To make NutritionFacts.org a place where people feel comfortable posting without feeling attacked, we have no tolerance for ad hominem attacks or comments that are racist, misogynist, homophobic, vulgar, or otherwise inappropriate. Please help us to foster a community of mutual respect. Enforcement of these rules is done to the best of our ability on a case-by-case basis.

    1. Not many people eat that many. I started doing smoothies about 8-9 bananas plus strawberries, fills me for hours and is light on the stomach.




      2
      1. 8 Bananas is not light on the stomach. Wat? 8 Bananas is almost 1000 calories. Plus strawberries you’re looking at a smoothie that’s like pure sugar. Fruit is obvi better than processed sugar, but you’re overdoing it m8.




        3
        1. Can you explain your background and how you know he is overdoing it?

          The average American or Brit wouldn’t think twice to eating that much weight in wheat and milk… Cereal with milk, cheese sandwich, pizza, pasta, pie… It seems odd that when people choose to consume large quantities or mono meals of natural foods, it sets off alarm bells and everyone starts giving advice.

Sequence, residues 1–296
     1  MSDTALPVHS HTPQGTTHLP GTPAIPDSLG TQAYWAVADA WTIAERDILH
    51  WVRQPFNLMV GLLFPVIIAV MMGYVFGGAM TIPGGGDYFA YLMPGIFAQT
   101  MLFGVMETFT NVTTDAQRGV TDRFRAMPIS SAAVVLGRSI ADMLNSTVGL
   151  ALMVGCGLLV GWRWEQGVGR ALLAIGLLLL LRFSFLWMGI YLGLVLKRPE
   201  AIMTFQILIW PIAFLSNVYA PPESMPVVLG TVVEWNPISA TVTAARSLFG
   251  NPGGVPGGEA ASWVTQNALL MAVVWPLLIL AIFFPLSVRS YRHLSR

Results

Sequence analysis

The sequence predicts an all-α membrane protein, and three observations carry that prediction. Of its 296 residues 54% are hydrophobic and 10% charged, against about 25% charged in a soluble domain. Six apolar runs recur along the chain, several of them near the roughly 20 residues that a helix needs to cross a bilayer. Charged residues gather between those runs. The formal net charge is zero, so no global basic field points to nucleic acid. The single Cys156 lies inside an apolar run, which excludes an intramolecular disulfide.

21
          1. It is still just Sugar! Keep in mind, the English Scientists, as well as many others, are now working at their new advices, to not consume, what is causing the problem in our health, namely Sugar! Mostly people get wrong Carbs from Processed Foods, but even a lot of Fruit consumption, causes the exact same effect… 5 – 9 Tsp of Sugar, is what the body is able to handle quit well, but an average person eats more than 35 tsp! Keep in mind, Fructose breaks down through the Liver, just like Alcohol! Also, Carbs in their simple form, are the cause of every known Folk-Disease today, which is Conditions, NOT Diseases, as they are completely preventable, and most of the time reversible! To mention a few: Artheritis, Asthma, Cancer (Cancer is a Yeast, feeding it with Sugar is a bad idea), Candida (Another Yeast), PCOS, Impotency, ALS, ADHD, Schlerosis, i could go on for a long time… When you consume more Carbs, than your body can produce Insulin, your body breaks, and sends you into Inflammation, and that simply means, your body can’t heal… All it takes, is avoiding Processed Foods, and simple Carbs, and your body can reverse back to its original state of health! Some good stuff to learn: Paleo, Keto, LCHF, GAPS, SCD, and good readings could be: “The Paleo Solution”, “John Yudkin – The Pure, The White, The Deadly”, and so on… I have devoted the past 17 years of my life, to make a change, and what i knew from the start, and what i still see today, is that people doesn’t need Medicine, people does not need a Gym, people of course need to be active, but that could be a lot of things, like cleaning at home, can burn more Calories than a trip to the Gym… Hippocrates said it 300+ years B.C:

            “Let food be thy medicine and medicine be thy food.” So start eating like the human body is designed to, that keeps all the bad stuff away! :)




            7
          2. I agree completely. A high fructose diet consisting of fruits with fiber and low fat is healthy as proven by tons of endurance athletes with perfect blood levels who eat the 80-10-10 diet.